Veterinarians “Get it” About HSUS
Just as the Humane Society of the United States cloaks itself with cats and dogs in fundraising material—even though only 1% of HSUS’s money goes to pet shelters—we’ve seen the animal liberation group use veterinarians as cover for its radical agenda. With that in mind, last weekend we attended the American Veterinary Medical Association (AVMA) convention in Denver. We’re glad to say that many vets are already in the know.
The response from veterinarians to our booth was generally very positive. Vets whose work involves laboratory animals have long been targeted by animal-rights radicals, so they didn’t need an introduction to HSUS. Same with livestock vets. But many vets are younger, from urban or suburban areas, and want to have a small-animal practice. They are prime pickings for misinformation from HSUS.
And that’s exactly what HSUS had in mind. HSUS’s veterinary arm, the Humane Society Veterinary Medical Association, had a booth to try to recruit veterinary professional members. HSVMA is simply the new face of an organization called Association of Veterinarians for Animals Rights (AVAR), which merged with HSUS in 2008 to create HSVMA.
AVAR burned bridges in the veterinary community. The group teamed up with PETA for a full-page ad in 2004 claiming that AVMA, an organization representing thousands of veterinarians, had “betrayed” animals. A member of HSVMA’s Leadership Council has reportedly compared slaughterhouses to Nazi concentration camps at a recent animal rights conference and has written that “Laboratory destruction and vandalism…is not terrorism.”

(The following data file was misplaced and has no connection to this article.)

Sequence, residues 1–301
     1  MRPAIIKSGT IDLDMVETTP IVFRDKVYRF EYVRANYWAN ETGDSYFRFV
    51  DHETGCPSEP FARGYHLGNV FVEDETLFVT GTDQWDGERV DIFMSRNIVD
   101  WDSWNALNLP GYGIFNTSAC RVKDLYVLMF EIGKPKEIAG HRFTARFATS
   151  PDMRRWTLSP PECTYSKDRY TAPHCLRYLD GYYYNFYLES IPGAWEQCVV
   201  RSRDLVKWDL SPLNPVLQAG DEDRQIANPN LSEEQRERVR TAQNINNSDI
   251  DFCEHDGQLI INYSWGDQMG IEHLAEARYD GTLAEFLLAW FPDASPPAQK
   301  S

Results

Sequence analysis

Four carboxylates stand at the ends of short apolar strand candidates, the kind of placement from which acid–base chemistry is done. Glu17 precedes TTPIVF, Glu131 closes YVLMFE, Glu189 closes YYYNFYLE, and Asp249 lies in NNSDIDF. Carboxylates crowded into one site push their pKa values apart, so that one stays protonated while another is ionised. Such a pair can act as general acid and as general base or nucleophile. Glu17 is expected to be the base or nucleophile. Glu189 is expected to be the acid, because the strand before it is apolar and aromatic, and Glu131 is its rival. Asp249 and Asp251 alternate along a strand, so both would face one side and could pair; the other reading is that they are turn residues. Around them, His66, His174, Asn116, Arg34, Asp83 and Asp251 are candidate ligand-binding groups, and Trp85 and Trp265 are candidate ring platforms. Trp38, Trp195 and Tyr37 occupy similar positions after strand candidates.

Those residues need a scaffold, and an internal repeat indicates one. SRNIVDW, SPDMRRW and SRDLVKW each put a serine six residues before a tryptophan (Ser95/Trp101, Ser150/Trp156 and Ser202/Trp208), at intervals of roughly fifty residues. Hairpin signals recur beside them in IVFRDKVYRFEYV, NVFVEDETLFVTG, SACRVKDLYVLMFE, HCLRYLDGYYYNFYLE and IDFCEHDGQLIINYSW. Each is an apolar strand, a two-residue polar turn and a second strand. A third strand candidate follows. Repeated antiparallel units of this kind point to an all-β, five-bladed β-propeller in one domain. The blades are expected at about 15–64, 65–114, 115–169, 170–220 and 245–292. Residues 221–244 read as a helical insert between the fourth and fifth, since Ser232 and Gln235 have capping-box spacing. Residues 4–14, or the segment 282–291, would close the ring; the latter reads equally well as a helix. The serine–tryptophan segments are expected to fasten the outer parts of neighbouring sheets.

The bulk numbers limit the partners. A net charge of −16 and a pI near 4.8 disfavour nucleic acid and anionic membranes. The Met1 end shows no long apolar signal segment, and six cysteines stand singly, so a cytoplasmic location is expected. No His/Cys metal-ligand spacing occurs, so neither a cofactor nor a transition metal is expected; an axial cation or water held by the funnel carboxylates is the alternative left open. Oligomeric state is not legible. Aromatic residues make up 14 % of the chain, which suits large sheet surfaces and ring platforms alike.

Right—tell that to someone who has had his car firebombed or endured harassing phone calls.
HSUS didn’t help itself with the veterinary community by pushing—and then dropping—a planned ballot initiative in Colorado this year that would have allowed individuals to bring legal action against veterinarians. The idea, apparently, was to target livestock veterinarians who use standard practices that HSUS doesn’t like. The initiative may make a return in 2016 and would certainly be an extreme weapon for HSUS to use in its broader war against agriculture (keep in mind that HSUS is against all animal agriculture).
An important distinction for veterinarians to understand is that HSUS/HSVMA is about animal rights and not animal welfare. Animal welfare is science-based and involves treating animals humanely. Animal rights is about stopping the human use of most animals—which, ironically, would reduce the need for veterinarians and put many out of business.
HSUS was more cordial this year—in 2012, HSUS tried and failed to get us thrown out of the convention. But HSUS surely didn’t like the fact that our booth was right near theirs, something many attendees found amusing. Maybe next year we’ll be neighbors.